Thursday, 19 May 2016

Sowing PSB

Most of my seeds get sown in March and April, but there are one or two veggies that don't need to be started that early. Purple Sprouting Broccoli is one of these. PSB has a very long growing cycle - approximately 9 to 10 months - and it is ready for harvest in the Spring, which means it needs to be sown between late April and late May. I sowed mine this week (on 17th May).

I'm planning to grow only three PSB plants. They do get pretty big, so I can't really manage to fit in any more than that. Well, to be honest, I always used to grow six in the space where I now put three, but they typically produced more broccoli than we needed, and they were often smaller plants. I think sometimes the "Less is More" principle is relevant in a garden like mine. I would rather have three really good plants than six mediocre ones. There is only one problem with this though: if one of three plants dies or does not flourish, this is a major issue, but if one of six doesn't, it's not so serious.

This year I have sowed 24 PSB seeds, 3 in each of eight pots. If all three seeds germinate, I will pinch out two and keep just one. That would leave me with eight plants to choose from. I will plant three and keep the others as long as possible in their pots, so that any casualties in the early stages can be replaced.

In my usual OCD fashion, I have sowed my PSB in colour-coded pots. Guess which colour pots the "Red Spear" ones went into...

That's 2 of "Red Spear", 2 of "Rudolph" and 4 of "Early Purple Sprouting" (2 each of seeds from Marshalls and Mr.Fothergills).

Something to remember when sowing PSB seeds is that at this time of year the temperature in even a little plastic greenhouse like the ones I have can get very high, so it's best to find somewhere sheltered for them that doesn't get direct sunlight - at least until the seedlings are a few inches tall. Otherwise the seeds may not germinate at all, or if they do they could easily get scorched.

Having now got my PSB under way, the only other crop that I still want to start is Radicchio. This is something that never does well in my garden during the Summer, so I will delay a while and sow it at a time that will produce an Autumn crop, so probably late July or some time in August. Meanwhile, I will continue with successional sowing of Lettuces and other salad crops, in the hope of maintaining a constant supply for the next few months. I sowed a tray of Lettuce on the same day as I sowed the PSB. I put probably 100 seeds into it, of five different varieties. Probably only about ten of them will ever make it to maturity; the others will be used as Baby Leaf Salad.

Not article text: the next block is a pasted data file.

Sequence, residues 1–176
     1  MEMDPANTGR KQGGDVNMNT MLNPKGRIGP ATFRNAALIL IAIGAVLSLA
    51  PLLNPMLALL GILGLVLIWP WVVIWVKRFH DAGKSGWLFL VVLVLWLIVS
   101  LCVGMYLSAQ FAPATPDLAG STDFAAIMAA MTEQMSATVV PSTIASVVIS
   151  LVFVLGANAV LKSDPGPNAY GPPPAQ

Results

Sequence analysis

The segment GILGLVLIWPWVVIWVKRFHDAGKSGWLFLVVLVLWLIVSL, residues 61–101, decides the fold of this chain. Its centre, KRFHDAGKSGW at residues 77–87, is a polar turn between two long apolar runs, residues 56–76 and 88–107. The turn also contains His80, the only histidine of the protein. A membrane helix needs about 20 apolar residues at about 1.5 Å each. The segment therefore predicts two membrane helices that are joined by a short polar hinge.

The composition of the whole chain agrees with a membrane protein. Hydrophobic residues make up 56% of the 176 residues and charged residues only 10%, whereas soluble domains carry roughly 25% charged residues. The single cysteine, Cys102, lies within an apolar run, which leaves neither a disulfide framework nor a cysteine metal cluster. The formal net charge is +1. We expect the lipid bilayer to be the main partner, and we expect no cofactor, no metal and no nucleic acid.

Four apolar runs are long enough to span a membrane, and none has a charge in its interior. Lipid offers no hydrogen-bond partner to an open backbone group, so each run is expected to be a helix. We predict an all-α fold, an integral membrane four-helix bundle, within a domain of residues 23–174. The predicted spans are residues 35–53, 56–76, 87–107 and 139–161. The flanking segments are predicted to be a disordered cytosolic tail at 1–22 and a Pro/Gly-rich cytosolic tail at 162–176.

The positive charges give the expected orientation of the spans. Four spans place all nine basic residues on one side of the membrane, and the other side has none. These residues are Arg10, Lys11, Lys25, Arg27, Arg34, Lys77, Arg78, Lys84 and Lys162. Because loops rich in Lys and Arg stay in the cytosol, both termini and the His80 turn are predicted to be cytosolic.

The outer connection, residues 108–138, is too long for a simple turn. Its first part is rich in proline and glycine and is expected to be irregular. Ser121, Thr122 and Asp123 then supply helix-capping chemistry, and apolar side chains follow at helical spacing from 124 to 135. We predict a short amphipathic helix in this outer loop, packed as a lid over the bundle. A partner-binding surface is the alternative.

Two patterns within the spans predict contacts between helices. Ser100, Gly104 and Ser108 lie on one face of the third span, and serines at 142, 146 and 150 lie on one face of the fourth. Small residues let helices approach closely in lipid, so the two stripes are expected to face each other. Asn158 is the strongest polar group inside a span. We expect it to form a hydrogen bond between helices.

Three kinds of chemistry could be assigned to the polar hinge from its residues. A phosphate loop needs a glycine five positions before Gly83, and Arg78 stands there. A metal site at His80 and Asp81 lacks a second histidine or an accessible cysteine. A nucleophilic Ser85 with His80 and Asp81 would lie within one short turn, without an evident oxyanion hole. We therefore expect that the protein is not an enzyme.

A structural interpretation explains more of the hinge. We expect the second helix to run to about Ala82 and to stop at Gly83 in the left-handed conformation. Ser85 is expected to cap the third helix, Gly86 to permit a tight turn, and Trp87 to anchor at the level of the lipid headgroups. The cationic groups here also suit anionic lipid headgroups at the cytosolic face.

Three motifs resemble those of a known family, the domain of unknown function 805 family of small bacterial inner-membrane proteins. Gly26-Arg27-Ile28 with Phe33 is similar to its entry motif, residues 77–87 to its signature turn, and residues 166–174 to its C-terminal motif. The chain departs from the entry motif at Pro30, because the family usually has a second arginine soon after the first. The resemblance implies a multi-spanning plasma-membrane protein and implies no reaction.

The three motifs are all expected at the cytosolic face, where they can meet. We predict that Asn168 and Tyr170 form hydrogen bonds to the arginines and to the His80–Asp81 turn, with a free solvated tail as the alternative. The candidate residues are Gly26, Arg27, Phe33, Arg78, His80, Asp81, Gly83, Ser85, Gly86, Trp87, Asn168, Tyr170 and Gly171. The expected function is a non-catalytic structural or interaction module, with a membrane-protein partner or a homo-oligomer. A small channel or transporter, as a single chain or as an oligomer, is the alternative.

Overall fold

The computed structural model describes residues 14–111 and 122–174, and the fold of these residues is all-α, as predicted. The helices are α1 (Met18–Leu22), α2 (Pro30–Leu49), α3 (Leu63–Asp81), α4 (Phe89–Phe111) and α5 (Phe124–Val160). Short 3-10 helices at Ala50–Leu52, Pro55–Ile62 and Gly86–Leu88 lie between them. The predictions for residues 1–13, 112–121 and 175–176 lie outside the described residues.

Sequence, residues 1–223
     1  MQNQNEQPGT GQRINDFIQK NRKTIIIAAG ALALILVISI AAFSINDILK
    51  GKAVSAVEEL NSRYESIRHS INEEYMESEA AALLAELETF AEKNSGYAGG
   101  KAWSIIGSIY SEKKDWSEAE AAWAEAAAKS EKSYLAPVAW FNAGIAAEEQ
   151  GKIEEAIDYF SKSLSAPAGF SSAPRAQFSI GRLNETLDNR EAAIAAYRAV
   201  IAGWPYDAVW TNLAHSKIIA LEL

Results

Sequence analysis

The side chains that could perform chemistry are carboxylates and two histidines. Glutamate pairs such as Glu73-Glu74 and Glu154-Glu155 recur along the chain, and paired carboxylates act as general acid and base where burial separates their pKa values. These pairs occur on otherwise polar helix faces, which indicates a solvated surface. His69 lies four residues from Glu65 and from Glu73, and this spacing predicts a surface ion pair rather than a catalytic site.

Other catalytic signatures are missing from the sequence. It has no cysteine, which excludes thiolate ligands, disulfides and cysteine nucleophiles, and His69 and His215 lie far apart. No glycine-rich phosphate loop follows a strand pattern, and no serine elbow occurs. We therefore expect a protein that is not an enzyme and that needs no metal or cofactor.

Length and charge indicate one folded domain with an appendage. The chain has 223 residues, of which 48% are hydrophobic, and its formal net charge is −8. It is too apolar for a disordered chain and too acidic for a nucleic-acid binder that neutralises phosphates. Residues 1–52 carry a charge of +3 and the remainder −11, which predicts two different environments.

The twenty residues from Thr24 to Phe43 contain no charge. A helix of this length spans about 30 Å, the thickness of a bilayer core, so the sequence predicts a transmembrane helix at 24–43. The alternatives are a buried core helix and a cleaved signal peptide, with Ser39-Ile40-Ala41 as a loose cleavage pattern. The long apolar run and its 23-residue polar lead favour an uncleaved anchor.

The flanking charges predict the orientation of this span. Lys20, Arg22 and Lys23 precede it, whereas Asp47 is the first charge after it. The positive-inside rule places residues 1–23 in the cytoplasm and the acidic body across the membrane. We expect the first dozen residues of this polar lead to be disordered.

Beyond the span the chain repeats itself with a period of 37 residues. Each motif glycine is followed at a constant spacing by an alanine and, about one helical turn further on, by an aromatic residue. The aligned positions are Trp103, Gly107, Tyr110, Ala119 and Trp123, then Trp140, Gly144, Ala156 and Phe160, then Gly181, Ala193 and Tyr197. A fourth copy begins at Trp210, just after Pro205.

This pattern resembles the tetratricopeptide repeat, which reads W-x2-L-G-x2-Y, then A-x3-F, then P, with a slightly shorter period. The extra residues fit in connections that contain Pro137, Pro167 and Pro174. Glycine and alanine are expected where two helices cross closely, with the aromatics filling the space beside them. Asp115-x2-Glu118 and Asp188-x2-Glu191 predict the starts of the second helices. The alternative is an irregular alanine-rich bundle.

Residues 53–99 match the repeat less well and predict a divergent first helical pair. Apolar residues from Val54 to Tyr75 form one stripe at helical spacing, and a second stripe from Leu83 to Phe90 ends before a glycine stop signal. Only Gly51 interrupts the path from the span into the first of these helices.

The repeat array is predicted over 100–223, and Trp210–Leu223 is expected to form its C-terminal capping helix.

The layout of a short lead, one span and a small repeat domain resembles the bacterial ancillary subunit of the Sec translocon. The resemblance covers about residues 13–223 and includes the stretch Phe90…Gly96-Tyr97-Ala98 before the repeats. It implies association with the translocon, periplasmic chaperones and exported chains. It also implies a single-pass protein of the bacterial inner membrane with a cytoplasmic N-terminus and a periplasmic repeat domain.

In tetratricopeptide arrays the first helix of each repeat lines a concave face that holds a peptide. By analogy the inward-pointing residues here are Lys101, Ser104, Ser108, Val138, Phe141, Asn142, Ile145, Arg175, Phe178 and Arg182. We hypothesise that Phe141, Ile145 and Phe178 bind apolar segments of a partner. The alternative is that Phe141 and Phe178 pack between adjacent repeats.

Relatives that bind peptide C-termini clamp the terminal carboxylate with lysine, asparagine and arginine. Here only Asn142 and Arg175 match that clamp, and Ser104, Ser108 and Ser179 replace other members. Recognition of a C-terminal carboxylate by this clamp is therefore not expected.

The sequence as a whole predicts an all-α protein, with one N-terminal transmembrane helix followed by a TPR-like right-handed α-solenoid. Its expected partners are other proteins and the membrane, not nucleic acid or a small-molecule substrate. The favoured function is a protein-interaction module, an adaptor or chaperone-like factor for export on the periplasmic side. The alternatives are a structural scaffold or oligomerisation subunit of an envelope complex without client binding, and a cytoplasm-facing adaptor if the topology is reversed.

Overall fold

My next batch of Radishes is swelling nicely now. In fact I think some of these are ready for harvesting.

Isn't it odd how one or two of the Radishes just refuse to bulk-up like the others? There is one in the next photo which is never going to be useful...


  1. My EPSB plants are just showing their true leaves. I have only just pulled the last 2 my old plants out, I put them in a fairly shady corner and they have excelled themselves. I always stick a couple of plants into large pots just in case, last year they went to a neighbour who got a tidy crop from them.

  2. I didn't realize PSB stayed in the ground that long. I tried to grow it last year but it bolted in our hot summer, producing sprouts in just a few months.

  3. Even though I know that PSB has a long growing cycle, I'm always surprised to see it pop up on a post so soon after your last harvests. Those radishes are looking great - even though they are quick growers, they still seem to go at a snails pace when you are as anxious for them to size up quickly as I am.

  4. It's getting a bit crowded in our greenhouse with all the seedlings and seeds still to plant,


Thank you for taking time to leave me a comment! Please note that Comment Moderation is enabled for older posts.